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The Pretender

Posted by martinteller on November 11, 2012

“Korrin… how much would a real good accident cost?”

Kenneth Holden (Albert Dekker) is a financial advisor whose stocks are tanking.  To cover his losses, he siphons money from the account of Claire Worthington (Catherine Craig), a young, wealthy heiress whose trust fund he manages.  Deciding to go straight to the source, he proposes marriage to her.  But she’s already about to be engaged to someone else.  Holden turns to the gangster Victor Korrin (Alan Carney), a friend of a friend, and hires a hitman to take Claire’s fiancé out of the picture.  But then she breaks it off and decides to marry Holden.  And through a series of unfortunate circumstances, Holden now finds himself the target of his own hit… and no way to call it off.

Director W. Lee Wilder is forever doomed to be known as Billy’s older brother.  But while The Pretender is certainly no Double Indemnity, it’s not a bad little paranoid thriller.  Clocking in at just over an hour, the movie stays consistently entertaining.  Part of this is due to its clever premise.  The only thing I’ve seen like it that I can think of is Kaurismaki’s I Hired a Contract Killer (which might make a good revisit for Noir-vember, now that I think about it).  Another significant contributor to the movie’s success is John Alton.  I get excited every time I see Alton’s name in the credits, and he rarely disappoints.  He deepens the shadows further and further as Holden gets more desperate and paranoid, amping up the sense of claustrophobia.  He also uses the shadows nicely to hide the cheap production, for instance turning a bare prison set into an abstraction.  Paul Dessau’s use of the theremin on the soundtrack is a terrific touch as well, lending creepy dread to a story that could easily come off as silly with the wrong music.  The performances are nothing special, but Dekker does a fine job selling the increasing fear and paranoia.  Otherwise, the minor underworld characters are — as one would expect — the more interesting of the bunch… Carney, Linda Stirling, Tom Kennedy.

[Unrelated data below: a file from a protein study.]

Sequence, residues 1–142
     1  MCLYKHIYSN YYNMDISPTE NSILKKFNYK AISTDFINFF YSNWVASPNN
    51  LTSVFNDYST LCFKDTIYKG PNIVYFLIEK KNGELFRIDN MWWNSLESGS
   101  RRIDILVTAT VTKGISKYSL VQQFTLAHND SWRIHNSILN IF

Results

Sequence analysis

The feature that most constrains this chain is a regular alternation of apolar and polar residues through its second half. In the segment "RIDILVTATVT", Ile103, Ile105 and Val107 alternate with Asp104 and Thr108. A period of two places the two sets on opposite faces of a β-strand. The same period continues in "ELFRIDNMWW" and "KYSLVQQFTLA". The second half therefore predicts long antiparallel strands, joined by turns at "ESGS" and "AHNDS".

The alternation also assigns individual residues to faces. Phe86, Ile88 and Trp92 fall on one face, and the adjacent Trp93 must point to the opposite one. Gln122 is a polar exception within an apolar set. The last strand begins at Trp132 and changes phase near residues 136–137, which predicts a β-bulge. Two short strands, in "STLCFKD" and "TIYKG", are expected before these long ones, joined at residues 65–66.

There are some iffy character motivations and the ending may be a little too ironic, but I enjoyed it.  A fun little slice of noir from the elder Wilder.  Rating: Good (75)


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